Review: Valdis Story – Abyssal City (** stars) (Part 3)

That would all be minor if not for the way enemies tend to function here. Yes, they present patterns to avoid, but their AI seems incredibly strange. In most games of action-combat, enemies telegraph their moves so that the player can see them, and learn to avoid them. Here, they just seem to attack at randomly intervals. I just don’t understand this decision at all. Sometimes an archer on a high ledge (no doubt, most enemies are placed in the most annoying way possible) will do absolutely nothing as you climb up their platform to hurt them; other times, they’ll shoot you down anytime you jump up. The lack of consistency means I cannot plan accordingly in a fight with multiple enemies, which is the lifeblood of any combat action game. If I cannot tell which enemy presents the biggest threat by how often they attack, how can I do anything but take damage for no good reason? The RPG elements transform into a crutch for bad game design, discouraging skill by equalizing the game experience for all…in a game type that does, in some sense, require progression of skill. Again, my mind boggles at these decisions.

Also, getting hit in the air by ANYTHING immediately forces you to drop to the ground with zero recovery options, so you better think about that jump! Almost every enemy follows this pattern of seemingly random attacks, and with no tells you’d be hard pressed to avoid freezes, stuns, grabs, and damage with any consistency. The stunlocking becomes ridiculous if there’s more than three enemies on screen. Energy jet (fire, ice) jets also lock you, and you will take MASSIVE damage from a single mistake. As far as I found, no ability to escape such foolishness exists, so take the hits! The punishment seems incommensurate to the minor nature of the mistake, and plays at odds with the “fast-paced” combat. It forces you to play slow and cautious from afar, hit and run, and that slows the game’s pacing considerably.

valdis-header1

I’m glad the developers like their story. Too bad I have no context to understand it!

So how does Valdis Story want you to avoid damage? By reaction. Like any evasion mechanic, Valdis Story’s Skill Cancel lets you dodge attacks and become invincible for the duration It works on a quick charge system, so you can’t avoid attacks all the time, but it does let you dodge some of the more damaging attacks in the game. Unfortunately, the implementation of said system makes no sense. To Skill Cancel, you press Down, then left or right to dash in either direction. I’m guessing you can see how a split second dodge MIGHT NOT COME OUT because of player error. The obvious question: why not assign this to a button? Plenty of other games figured out that a single button press would work just fine, but Valdis Story apparently lost the memo. Furthermore, jumping and press down will perform a ground stomp once you receive Skill Cancels, so if you press down at any time during ANY JUMP, you will slam into the ground and end up somewhere you didn’t want to go. I can’t begin to tell you how frustrating that is; you can, and will, do it by accident. Years of video game design work should tell us that one button and a direction would work fine, so WHY?! Don’t break what isn’t broken, especially in video games. If a platformer cannot give me precision controls, then why bother, really?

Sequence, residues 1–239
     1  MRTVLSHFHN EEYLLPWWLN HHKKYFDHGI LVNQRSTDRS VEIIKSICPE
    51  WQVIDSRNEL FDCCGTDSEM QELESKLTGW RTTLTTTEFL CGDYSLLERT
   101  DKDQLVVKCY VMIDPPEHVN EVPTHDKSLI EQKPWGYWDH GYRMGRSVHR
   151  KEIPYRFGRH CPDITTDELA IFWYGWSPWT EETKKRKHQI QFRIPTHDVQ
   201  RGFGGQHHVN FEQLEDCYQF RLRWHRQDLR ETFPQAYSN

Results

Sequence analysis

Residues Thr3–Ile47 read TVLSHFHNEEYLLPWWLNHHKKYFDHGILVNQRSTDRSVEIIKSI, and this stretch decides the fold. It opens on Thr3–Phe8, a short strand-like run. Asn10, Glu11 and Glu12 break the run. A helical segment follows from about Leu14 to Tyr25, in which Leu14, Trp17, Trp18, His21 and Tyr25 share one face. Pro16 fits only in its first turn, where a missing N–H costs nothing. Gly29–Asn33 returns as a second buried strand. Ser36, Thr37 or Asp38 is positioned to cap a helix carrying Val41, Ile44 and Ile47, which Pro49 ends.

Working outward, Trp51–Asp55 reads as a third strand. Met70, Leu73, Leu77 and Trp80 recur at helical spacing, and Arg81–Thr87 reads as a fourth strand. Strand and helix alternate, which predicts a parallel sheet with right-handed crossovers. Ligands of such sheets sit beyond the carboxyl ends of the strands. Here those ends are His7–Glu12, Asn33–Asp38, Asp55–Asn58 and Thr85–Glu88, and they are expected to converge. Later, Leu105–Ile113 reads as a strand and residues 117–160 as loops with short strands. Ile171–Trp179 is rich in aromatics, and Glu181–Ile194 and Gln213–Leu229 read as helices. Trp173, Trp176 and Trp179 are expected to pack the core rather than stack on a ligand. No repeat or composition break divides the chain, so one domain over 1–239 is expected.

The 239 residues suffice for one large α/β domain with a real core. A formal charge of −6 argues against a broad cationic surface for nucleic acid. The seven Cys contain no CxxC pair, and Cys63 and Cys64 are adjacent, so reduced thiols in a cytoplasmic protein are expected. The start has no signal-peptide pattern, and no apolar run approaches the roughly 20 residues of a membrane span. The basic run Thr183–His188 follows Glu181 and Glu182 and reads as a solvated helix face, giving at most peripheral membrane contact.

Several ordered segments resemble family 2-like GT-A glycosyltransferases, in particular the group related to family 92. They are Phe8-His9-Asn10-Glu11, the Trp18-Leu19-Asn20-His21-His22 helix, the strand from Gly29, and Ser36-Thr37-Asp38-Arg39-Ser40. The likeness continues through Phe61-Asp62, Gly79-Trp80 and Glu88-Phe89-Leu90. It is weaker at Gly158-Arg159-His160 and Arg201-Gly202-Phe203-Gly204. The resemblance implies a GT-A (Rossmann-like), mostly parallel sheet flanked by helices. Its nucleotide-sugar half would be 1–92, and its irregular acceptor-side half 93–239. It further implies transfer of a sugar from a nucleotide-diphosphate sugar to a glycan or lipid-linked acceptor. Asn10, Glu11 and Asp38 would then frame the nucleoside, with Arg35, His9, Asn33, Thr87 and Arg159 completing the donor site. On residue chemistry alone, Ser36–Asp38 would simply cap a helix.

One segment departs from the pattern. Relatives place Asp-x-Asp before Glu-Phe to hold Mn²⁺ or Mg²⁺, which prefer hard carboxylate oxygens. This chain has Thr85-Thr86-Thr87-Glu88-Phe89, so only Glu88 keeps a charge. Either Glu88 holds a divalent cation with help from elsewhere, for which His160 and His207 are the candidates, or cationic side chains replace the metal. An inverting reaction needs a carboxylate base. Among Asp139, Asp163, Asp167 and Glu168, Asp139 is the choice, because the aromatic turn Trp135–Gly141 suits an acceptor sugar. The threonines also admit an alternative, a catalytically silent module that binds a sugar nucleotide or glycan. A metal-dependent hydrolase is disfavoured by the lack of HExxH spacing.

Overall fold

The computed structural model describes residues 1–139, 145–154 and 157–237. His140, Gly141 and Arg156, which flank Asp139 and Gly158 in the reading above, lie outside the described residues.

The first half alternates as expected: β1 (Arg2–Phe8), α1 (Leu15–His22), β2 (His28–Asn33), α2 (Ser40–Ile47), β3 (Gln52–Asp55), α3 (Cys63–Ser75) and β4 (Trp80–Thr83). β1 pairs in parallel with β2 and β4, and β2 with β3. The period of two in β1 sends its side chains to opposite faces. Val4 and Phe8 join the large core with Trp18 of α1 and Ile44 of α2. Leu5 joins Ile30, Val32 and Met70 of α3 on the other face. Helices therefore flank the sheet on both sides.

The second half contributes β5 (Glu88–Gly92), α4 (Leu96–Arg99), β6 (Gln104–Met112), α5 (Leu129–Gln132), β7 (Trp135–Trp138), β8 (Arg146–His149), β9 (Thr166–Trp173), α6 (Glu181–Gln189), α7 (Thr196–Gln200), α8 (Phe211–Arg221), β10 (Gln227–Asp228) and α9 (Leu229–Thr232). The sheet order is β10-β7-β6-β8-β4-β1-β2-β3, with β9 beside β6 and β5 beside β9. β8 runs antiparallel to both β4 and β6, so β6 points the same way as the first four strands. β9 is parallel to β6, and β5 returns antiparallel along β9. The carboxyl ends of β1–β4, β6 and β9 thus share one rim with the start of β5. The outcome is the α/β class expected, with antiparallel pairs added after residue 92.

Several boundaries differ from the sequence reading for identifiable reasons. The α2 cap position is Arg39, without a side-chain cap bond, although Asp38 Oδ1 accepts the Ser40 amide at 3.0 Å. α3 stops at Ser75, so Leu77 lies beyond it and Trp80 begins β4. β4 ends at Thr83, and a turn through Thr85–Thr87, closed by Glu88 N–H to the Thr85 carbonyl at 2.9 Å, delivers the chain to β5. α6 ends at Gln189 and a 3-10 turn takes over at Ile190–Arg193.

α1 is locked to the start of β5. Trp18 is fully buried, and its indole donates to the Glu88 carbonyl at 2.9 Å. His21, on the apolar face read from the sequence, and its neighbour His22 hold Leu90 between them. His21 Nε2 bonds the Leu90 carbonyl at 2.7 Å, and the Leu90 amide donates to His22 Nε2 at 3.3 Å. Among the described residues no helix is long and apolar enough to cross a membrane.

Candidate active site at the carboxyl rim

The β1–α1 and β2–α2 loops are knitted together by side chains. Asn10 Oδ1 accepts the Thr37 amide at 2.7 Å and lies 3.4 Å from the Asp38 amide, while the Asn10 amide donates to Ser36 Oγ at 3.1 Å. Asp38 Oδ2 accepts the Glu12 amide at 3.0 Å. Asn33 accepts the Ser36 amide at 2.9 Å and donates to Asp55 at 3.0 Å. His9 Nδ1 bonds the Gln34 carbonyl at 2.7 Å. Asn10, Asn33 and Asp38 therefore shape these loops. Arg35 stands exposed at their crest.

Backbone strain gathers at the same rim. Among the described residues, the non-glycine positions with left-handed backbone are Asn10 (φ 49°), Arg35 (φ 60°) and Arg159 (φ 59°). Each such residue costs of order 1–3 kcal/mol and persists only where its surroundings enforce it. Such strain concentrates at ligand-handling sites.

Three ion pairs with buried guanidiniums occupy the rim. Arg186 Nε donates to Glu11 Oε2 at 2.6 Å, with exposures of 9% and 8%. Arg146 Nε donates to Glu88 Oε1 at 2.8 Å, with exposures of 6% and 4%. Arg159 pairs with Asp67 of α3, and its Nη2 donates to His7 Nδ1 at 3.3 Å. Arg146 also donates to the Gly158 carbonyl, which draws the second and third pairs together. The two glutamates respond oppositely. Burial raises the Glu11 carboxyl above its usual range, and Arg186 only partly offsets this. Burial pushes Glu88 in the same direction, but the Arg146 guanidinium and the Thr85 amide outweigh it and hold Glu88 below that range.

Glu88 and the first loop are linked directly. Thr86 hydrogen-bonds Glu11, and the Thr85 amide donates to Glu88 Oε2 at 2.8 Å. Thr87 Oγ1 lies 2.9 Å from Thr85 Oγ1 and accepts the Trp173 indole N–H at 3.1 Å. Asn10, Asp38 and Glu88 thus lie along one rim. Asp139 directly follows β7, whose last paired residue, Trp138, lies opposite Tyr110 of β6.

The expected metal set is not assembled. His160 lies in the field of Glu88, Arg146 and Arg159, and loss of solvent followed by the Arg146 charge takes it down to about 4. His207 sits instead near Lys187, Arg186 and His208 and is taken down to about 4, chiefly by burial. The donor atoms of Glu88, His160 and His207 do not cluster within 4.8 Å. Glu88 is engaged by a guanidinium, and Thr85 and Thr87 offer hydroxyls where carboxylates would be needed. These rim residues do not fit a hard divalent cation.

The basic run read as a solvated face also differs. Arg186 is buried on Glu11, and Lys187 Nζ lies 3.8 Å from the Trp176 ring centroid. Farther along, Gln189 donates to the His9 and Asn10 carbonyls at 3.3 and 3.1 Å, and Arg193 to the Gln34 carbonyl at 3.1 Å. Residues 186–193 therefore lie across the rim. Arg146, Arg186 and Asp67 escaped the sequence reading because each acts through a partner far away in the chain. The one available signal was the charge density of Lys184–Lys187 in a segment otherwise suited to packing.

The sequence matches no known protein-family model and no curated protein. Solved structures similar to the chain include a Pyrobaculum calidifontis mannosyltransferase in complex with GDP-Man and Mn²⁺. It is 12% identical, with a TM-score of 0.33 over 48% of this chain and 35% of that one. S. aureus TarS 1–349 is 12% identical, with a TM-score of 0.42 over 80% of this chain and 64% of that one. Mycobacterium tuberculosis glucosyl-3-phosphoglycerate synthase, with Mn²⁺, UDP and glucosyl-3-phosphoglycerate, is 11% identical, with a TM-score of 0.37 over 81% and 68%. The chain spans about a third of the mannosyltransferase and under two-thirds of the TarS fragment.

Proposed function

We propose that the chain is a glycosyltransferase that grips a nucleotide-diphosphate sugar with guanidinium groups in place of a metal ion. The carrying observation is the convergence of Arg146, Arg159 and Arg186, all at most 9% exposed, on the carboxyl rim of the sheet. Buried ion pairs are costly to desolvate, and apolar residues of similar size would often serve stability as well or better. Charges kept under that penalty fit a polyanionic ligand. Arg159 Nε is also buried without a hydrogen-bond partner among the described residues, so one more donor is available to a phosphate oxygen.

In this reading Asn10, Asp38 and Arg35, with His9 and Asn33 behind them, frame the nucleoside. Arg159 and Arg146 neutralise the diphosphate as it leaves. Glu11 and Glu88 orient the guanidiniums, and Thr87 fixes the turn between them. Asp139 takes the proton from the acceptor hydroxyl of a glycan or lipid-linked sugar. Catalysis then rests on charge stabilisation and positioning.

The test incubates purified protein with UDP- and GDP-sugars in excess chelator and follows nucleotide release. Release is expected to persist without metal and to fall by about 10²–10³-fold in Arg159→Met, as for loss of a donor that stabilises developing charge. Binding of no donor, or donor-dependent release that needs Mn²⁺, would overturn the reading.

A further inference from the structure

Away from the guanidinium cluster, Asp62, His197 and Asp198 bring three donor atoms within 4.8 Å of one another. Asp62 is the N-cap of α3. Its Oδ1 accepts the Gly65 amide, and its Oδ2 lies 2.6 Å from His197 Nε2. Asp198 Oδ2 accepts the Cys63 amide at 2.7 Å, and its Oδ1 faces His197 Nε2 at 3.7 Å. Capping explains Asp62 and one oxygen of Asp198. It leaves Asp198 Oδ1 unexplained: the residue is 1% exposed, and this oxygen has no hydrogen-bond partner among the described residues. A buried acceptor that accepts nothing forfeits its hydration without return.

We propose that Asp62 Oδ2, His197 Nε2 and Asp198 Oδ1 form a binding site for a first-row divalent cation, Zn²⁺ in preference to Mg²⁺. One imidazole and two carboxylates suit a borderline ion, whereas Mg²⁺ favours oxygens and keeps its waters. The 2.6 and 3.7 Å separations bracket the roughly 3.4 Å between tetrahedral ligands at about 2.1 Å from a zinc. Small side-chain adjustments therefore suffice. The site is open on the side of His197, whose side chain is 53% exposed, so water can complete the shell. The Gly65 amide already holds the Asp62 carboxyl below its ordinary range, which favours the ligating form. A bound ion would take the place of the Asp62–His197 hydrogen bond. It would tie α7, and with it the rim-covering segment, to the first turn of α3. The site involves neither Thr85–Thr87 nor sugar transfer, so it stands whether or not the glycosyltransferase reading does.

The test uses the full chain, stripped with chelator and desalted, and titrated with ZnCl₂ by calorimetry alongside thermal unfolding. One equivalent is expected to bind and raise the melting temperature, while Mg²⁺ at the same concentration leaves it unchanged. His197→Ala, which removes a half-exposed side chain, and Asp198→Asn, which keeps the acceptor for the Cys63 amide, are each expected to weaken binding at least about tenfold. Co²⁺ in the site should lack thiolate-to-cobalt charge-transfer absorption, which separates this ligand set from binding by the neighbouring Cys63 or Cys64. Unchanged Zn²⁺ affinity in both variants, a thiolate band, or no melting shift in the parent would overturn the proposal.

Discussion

Should I even mention the magic system? Sure, why not? Magic comes in six categories, gained over time, and you can equip four spells at any time. To cast spells, you press a trigger button (LT, for Xbox 360 controller users) and then a direction on the d-pad. That means you can equip four spells at once, from about four schools of magic each with their own, completely unexplained effects and abilities. Here is where I just about went crazy – experimentation is one thing, but the game never demonstrated why any of this was necessary or useful. Honestly, I don’t understand why this needs to be so convoluted and weird; a game about platforming, combat, and moving forces me to stop doing those things to cast offensive magic spells. I barely used magic, as most times my brain and the game would not be in sync and I would just waste magic power by accident. Probably the only reliable spells is the Ice Tower, which lets you get up to high platforms and is actually useful. Did I mention that most bosses don’t even drop new abilities that unlock new areas? Or that Valdis Story, in general, never has a time when new abilities unlock new areas? Yeah, forgot to mention that.

About Zachery Oliver

Zachery Oliver, MTS, is the lead writer for Theology Gaming, a blog focused on the integration of games and theological issues. He can be reached at viewtifulzfo at gmail dot com or on Theology Gaming’s Facebook Page.